As for my sexuality being part of my private life, I did not misquote you there. You said, "But categorizing one's sexual behavior as "my personal/private life" is dubious and certainly a moral claim even if true."

In that statement, you made no reference to sexual behaviors. You are only now trying to qualify what you said.

Before Lawrence V. Texas, very few cases of sodomy were charged, yes, but there were some. And the men in Lawrence were charged as sex offenders and registered in the sex offender database. And, as much as you hate a right to privacy legally, the law did not invade your right to privacy, only the right to privacy of gays.

I trust you will be lobbying the state of Texas and other states or the Supreme Court to allow laws to regulate the sexual practices of all citizens and allow them to go into a house for this reason alone.

 
At 5/5/05 7:17 PM, Blogger Victor said...

TA wrote to me:

Further, you never clarified your viewpoint as a legal one. You never said "should not under the law."

Here were my first words on Sed Contra, the context of which was discussion of homosexual "marriage" under Canadian law (i.e., a legal matter)

------------------------------------------------------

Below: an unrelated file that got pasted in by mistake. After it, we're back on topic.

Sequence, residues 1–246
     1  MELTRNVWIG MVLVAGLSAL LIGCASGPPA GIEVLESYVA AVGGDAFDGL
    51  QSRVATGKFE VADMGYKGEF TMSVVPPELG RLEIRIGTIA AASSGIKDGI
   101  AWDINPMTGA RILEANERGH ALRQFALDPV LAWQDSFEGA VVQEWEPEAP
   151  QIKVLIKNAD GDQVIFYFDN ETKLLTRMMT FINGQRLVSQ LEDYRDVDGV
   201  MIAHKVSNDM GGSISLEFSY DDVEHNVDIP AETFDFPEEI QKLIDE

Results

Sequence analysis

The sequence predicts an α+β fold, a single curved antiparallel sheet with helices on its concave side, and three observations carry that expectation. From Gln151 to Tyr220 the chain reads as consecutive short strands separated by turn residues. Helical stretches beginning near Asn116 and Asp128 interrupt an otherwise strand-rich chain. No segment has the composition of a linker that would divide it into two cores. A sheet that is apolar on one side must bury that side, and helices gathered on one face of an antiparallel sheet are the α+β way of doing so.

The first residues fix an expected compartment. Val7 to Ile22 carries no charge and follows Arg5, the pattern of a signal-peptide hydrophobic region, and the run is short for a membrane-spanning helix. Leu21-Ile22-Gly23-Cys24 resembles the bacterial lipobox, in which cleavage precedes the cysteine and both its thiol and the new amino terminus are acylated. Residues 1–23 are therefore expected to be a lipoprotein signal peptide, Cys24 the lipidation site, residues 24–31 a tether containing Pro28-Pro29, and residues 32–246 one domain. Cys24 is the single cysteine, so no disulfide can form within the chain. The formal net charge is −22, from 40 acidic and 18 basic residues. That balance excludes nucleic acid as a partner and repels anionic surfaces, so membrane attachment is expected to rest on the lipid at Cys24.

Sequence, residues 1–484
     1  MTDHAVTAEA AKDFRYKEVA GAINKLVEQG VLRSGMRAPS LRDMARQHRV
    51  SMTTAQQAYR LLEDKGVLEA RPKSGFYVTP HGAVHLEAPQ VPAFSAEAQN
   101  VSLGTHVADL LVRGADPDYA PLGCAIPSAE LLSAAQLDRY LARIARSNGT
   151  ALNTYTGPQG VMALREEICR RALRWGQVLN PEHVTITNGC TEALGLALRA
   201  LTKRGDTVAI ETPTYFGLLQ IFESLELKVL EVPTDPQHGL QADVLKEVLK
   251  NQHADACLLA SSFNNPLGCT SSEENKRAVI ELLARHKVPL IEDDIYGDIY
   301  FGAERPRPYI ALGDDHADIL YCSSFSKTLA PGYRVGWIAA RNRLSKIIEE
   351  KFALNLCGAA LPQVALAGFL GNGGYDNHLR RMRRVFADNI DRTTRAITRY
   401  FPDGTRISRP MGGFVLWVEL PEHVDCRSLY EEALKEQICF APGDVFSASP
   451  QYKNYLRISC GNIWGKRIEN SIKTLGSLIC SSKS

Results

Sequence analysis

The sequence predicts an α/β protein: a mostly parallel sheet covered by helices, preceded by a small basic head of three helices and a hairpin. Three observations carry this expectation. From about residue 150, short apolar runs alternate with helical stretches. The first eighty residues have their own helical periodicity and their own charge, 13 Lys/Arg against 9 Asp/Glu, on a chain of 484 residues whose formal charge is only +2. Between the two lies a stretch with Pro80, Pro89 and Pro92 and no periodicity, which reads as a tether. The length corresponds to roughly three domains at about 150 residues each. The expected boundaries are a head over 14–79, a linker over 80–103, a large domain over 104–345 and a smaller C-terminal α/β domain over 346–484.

TA wrote:

but I think [David Morrison] and I disagree with what having one's "sexual behavior enshrined in law" really means ... to allow a gay person to teach kids does not mean we are enshrining his sexual behavior in law to allow him to teach- it means we are enshrining his right to teach in law, regardless of what his sexual behavior is.

(my response begins now)

But the thing is that nobody has a free-standing right to any particular job. You can fire anyone for any reason, except for those forbidden in law -- "because you're black" being one such forbidden reasons, "because you're Methodist" being another, "because you're incompetent" not being one, "because you like the Chicago Cubs" not being another, and "because you're a drunken sot" not being another (for now).

So when people discuss the Employment Non-Discrimination Act (if one were to act legislatively) or declaring sexuality a suspect category for the purposes of existing job-discrimination (if judicially), the question they're really asking is: should "because you're gay" belong with the first pair (the forbidden reasons) or the second group (the acceptable reasons). And no answer to that question can be given without making a moral judgment about homosexuality and homosexual behavior.

-------------------------------------------------------------

I don't see how someone reading carefully that note or subsequent ones could have understood me to have ever been making anything other than a legal point and/or a point about the relationship between law and morality. I have never said Word One about the morality of homosexuality itself or any other free-standing moral point.


Why would I believe you were not talking about your own personal position

Because the most-basic fact about the relationship between law and morality, one that every philosopher since Plato has acknowledged in one or another sense and to varying degrees, is that the relationship is imperfect and not univocal? And that saying this needs to be explicitly stated is about as meaningful as saying the law of gravity needs to be also?